I’d only been working as chief reporter with the Worksop Guardian for a week when they told me they wanted to send me to America to cover the double murder trial of Neil Entwistle – a local man accused of shooting dead his wife and baby.
I’d heard about the case at the time of the murders but that was two years earlier and my knowledge of the American legal system ranged about as far as a John Grisham novel.
One of the first things I did was get in touch with a Boston reporter who was a real help, giving me lots of information about the court and reporting laws.
Lenient reporting rules
The main thing was not to speak to members of the jury at all until after the trial. All key pieces of evidence and things that were said when the jury were out of earshot were all OK to report. Compared to UK laws it was a free for all.
The whole case was even streamed live by truTV and one pool photographer was allowed in to take snaps from inside the court.
On arrival at the Massachusetts court I was expecting a certain amount of animosity between the US and UK media packs after some public mocking of ‘bumbling Brits’ online on one of the American paper’s blogs.
Luckily the UK hacks were too thick-skinned to care and by the end of the trial we all had regular seats in the windowless media room with everyone openly comparing notes and intros to copy.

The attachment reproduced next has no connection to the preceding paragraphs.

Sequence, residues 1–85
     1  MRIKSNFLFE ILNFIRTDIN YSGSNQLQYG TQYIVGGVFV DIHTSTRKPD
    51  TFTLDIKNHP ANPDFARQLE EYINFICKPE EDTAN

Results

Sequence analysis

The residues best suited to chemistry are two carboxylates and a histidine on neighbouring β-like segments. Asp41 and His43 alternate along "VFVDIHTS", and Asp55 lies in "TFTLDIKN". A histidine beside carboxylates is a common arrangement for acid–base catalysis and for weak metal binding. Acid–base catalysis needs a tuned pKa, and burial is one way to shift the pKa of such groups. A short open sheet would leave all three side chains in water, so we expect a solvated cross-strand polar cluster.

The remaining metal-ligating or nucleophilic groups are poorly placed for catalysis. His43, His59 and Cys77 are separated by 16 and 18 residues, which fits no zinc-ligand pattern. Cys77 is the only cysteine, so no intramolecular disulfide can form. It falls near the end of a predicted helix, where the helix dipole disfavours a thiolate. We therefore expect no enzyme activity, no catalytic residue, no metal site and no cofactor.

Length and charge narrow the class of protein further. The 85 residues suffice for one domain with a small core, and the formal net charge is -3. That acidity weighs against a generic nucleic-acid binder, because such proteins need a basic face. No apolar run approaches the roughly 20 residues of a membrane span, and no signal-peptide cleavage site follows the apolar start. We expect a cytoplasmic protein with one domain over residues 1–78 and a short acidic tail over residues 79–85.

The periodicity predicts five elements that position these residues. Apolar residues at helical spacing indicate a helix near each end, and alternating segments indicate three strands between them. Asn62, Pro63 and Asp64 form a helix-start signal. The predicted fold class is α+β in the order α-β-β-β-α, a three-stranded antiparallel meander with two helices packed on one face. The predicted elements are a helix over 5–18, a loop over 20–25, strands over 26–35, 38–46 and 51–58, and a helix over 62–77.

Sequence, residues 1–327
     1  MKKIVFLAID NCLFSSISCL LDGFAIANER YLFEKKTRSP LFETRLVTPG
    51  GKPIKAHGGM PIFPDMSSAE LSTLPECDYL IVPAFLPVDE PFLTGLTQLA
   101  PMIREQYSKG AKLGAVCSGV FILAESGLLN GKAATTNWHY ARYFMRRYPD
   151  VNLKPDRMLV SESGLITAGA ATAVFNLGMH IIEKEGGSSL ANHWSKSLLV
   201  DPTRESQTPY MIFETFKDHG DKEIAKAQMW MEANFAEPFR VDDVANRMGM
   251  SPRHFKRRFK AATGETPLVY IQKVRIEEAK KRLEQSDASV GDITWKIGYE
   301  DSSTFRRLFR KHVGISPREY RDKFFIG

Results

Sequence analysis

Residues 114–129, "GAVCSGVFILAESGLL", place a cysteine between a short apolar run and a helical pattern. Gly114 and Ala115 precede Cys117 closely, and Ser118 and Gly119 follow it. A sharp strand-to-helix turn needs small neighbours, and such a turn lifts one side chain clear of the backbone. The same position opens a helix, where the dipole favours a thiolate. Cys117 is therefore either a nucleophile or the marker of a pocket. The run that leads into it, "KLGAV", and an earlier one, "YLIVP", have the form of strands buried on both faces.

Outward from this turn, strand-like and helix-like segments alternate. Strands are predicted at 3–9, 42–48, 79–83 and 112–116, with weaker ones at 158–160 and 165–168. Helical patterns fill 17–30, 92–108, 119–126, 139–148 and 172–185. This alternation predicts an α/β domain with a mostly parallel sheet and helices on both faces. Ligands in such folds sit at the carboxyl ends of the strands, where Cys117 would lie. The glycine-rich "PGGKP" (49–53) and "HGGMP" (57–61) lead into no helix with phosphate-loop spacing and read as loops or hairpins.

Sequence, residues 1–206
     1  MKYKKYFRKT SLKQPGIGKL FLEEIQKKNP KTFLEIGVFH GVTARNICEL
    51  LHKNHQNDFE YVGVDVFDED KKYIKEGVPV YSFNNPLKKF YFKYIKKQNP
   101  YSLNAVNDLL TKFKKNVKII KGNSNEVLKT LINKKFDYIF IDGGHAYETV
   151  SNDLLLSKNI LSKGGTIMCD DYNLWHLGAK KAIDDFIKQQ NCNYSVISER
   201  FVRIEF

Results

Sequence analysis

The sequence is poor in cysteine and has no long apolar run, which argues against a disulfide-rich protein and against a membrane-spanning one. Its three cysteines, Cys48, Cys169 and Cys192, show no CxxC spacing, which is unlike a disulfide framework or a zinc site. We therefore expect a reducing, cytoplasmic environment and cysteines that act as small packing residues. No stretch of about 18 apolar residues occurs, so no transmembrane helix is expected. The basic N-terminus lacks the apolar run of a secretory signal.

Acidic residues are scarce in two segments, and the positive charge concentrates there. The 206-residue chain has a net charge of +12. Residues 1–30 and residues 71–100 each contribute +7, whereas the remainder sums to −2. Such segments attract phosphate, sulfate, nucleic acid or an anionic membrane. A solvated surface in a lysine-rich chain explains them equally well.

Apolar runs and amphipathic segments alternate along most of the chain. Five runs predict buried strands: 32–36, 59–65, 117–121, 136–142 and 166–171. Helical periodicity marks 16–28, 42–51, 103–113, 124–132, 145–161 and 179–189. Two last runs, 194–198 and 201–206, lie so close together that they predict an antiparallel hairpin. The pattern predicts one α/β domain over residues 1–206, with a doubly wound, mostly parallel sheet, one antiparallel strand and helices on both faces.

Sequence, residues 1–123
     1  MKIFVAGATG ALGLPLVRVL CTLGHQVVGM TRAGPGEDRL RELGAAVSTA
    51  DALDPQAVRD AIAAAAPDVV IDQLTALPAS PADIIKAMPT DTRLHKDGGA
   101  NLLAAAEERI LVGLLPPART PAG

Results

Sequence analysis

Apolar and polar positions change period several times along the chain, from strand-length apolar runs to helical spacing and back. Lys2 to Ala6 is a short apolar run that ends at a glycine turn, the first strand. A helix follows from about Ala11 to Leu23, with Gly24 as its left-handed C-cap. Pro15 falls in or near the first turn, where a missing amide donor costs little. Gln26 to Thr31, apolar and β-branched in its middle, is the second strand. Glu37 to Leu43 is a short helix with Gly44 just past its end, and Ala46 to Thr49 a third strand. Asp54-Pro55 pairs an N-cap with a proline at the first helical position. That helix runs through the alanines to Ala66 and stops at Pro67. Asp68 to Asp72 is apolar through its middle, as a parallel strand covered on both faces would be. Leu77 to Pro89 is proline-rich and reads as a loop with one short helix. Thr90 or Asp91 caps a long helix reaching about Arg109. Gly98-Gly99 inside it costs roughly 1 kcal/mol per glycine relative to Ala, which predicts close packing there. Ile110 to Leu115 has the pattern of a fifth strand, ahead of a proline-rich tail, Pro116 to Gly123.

From my point of view the action did not stop from day one. I was representing the whole of Johnston Press and had to file everything as and when it happened. Trying to do the impossible and compete with live coverage added that extra layer of pressure.
The time difference also meant late nights for Worksop subs who were ever ready at the end of the phone when I called at 10pm to file the final day’s copy.
Demands of digital age
And because of Johnston’s blossoming ‘newsroom of the future’ I found myself acting as a one-man media circus as reporter, photographer and cameraman.
At times an extra pair of arms wouldn’t have gone a miss.
There was also the matter of how to handle the Entwistles themselves, our local Worksop family. I kept in touch with them throughout the trial but decided early on not to hound them.
I reasoned they knew exactly when they would speak and to whom and my priority was making sure I was there and available to them should they choose to release a statement.
And when I visited their hotel just after their son was found guilty they did – giving me my first world exclusive. In short the whole experience was ‘awesome’.